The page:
Chicago Sky Owner Fined $5,000 for Emailing the Mayor to Lobby for a Gambling License

  • Michael Alter sent the email without registering in the city as a lobbyist
  • Alter wanted formal support from the mayor to get his team a gambling license
  • He has questioned the Board of Ethics’ ruling and its interpretation of the lobbying laws
  • The board responded by saying the laws are in place to ensure transparency
Chicago skyline
Michael Alter, principal owner of the WNBA’s Chicago Sky, has been fined $5,000 over an email he sent the mayor lobbying for a gambling license. [Image:]

Skipped a step

The owner of the WNBA’s Chicago Sky has received a $5,000 fine from the Chicago Board of Ethics for trying to get support from Chicago Mayor Lori Lightfoot for a gambling license without registering as a lobbyist. The details became public after the Chicago Tribune made inquiries and obtained emails through a public records request.

sent an email in December to Chicago first lady Amy Eshleman

Michael Alter, the Sky’s principal owner, sent an email in December to Chicago first lady Amy Eshleman. In this correspondence, he asked for the mayor’s aid to get a gambling license for the team. He mentioned in the email that he had already had a discussion with the mayor regarding the issue.

Details of the email correspondence

Alter began the email by stating that he was formally seeking support from the mayor for pending legislation that would give Chicago Sky the chance to get a gaming license. The email read: “As you know from our previous conversation, in the big gaming bill passed in (June) 2019, all the men’s professional teams were (given) the right to buy a license. The sky was not included.”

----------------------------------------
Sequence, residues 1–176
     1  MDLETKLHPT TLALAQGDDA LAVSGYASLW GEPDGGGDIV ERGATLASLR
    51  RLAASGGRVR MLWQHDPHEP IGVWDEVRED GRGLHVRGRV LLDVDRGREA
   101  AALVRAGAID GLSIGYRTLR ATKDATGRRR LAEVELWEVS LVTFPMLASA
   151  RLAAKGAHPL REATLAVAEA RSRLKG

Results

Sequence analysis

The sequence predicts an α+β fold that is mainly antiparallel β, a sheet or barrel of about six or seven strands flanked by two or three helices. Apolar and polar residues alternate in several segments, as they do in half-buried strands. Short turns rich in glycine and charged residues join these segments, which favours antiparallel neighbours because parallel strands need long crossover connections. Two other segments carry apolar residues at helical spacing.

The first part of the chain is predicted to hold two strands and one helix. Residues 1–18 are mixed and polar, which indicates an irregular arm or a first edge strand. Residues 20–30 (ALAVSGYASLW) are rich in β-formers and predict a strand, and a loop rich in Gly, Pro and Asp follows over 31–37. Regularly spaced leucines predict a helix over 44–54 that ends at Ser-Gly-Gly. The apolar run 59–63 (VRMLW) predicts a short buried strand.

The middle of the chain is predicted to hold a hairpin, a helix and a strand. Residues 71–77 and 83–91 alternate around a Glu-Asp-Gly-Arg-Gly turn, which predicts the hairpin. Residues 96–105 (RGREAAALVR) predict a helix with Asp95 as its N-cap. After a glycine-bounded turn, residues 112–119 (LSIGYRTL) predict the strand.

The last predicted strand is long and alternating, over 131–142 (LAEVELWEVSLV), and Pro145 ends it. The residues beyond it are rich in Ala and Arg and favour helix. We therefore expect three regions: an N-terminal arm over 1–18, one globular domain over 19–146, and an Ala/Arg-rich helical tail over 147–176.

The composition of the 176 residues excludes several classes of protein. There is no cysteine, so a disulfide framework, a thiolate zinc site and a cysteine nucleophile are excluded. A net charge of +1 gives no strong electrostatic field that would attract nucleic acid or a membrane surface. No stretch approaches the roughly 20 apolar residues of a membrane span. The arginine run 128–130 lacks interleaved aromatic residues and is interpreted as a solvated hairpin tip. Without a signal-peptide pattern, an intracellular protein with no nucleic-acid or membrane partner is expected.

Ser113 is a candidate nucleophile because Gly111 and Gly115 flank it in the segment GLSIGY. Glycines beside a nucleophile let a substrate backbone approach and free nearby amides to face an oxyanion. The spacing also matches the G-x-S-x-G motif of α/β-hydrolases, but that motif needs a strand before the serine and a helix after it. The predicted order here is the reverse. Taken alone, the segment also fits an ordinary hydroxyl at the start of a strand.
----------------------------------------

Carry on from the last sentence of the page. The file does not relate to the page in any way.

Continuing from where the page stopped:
It would be extremely helpful if the mayor would lend her ‘vocal’ and visible support to our efforts”

Alter claimed in the email that the mayor had asked him to step aside to help make it easier to pass legislation for a Chicago casino, which Alter did. He was optimistic that the legislature would pass an amendment in January that would give the team the license. However, he was still trying to formally gain support in order to provide momentum for the amendment. He requested: “It would be extremely helpful if the mayor would lend her ‘vocal’ and visible support to our efforts by agreeing to add her name as a supporter to this amendment.”

Eshleman responded to Alter’s correspondence by informing him that she forwarded his email to the mayor who would then give him a call. To date, Alter has been unsuccessful in his attempt to obtain a gambling license.

Responding to the fine

Alter has not been registered as a city lobbyist since as far back as 2013, as per the lobbyist registry in Chicago. He has questioned the fine and is currently reviewing his available options. Alter said that the mayor has no authority over the state legislature and that he was not trying to influence her as she is an existing supporter of the team.

He questioned the ruling, saying that it would bring people “to the absurd conclusion that every business owner and CEO must register as a lobbyist to engage with their elected leaders.”

Ethics Board executive director Steve Berlin responded to Alter’s comments through a statement. He said that the board has been consistent in its application and interpretation of the relevant laws regarding this matter. Berlin mentioned how the city’s lobbying laws are in place to make sure that there is transparency and that the public is informed as to who is trying to influence government actions or decisions. He said that one just needs to register as a lobbyist and provide quarterly activity reports about their activity if they want to lobby elected officials.

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